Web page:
Violent protests by South Africans demanding better living conditions are a warning to the authorities, church leaders said. Police fired rubber bullets on March 30 at protesters in Zandspruit, a shanty settlement on the outskirts of Johannesburg. On March 31 the South African Council of Churches said, “The violent developments associated with poor delivery of social services” are a “rude reawakening call to the authorities” as well as “an indication of just how destructive things can turn out to be if local government councilors and political parties continue to ignore the needs of the people.” As in many squatter camps around Johannesburg, Zandspruit residents live in squalid conditions, sharing toilets and communal water taps, with little or no electricity. Neighboring suburbs have some of Africa’s most expensive real estate. “Our early warning to South Africa’s leadership is that all efforts” must be made “to save this democracy lest we walk the path of Tunisia, Egypt, Libya...where social instability reigns,” church leaders said.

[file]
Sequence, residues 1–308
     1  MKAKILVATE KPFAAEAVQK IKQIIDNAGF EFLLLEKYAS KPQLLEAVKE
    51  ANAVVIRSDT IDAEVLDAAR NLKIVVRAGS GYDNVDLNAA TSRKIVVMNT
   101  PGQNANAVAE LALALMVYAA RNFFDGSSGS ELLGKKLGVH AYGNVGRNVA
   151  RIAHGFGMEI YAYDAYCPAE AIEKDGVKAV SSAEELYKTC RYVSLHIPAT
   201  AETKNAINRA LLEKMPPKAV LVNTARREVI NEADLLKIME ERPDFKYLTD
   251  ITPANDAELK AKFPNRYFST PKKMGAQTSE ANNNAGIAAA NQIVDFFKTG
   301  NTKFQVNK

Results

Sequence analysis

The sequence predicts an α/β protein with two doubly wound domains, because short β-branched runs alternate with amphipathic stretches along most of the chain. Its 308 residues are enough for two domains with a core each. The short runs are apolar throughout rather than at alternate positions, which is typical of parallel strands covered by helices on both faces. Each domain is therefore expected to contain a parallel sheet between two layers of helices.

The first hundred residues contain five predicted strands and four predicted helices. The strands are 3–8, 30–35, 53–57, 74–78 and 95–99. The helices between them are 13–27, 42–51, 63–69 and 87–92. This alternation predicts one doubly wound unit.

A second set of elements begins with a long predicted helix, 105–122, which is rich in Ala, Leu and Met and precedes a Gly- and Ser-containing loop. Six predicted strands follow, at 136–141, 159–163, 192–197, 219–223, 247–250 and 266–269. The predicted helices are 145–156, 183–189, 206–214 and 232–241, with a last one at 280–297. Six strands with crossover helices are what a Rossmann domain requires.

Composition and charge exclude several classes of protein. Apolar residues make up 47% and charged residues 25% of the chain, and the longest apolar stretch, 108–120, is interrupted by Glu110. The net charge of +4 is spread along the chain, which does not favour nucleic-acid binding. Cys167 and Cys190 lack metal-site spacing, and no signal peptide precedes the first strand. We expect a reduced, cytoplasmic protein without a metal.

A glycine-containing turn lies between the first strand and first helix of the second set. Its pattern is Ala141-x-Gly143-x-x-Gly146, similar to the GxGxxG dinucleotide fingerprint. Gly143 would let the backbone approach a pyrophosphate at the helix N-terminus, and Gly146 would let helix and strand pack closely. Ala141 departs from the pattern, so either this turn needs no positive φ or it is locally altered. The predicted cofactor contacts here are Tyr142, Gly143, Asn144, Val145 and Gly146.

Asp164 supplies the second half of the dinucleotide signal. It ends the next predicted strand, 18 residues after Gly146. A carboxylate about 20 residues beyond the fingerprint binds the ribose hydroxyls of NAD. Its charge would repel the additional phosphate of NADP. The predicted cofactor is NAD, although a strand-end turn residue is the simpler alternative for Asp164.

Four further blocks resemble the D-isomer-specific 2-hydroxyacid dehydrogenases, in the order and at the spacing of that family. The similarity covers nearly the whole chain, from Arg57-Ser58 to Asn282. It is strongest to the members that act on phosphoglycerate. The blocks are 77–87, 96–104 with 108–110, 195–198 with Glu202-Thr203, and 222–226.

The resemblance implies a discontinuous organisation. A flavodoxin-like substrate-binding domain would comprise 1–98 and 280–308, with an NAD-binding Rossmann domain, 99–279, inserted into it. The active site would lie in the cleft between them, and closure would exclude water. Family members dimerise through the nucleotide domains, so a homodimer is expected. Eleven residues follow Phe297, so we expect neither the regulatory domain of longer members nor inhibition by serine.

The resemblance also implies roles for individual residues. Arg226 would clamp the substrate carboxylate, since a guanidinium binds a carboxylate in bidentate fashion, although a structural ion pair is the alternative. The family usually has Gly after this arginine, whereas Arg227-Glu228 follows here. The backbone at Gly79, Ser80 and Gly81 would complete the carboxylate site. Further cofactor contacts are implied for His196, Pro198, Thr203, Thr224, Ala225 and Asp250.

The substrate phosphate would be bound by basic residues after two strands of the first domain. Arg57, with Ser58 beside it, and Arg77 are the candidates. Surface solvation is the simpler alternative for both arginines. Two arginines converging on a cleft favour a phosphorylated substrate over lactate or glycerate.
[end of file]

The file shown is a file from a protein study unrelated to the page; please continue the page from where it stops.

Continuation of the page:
Protests in South Africa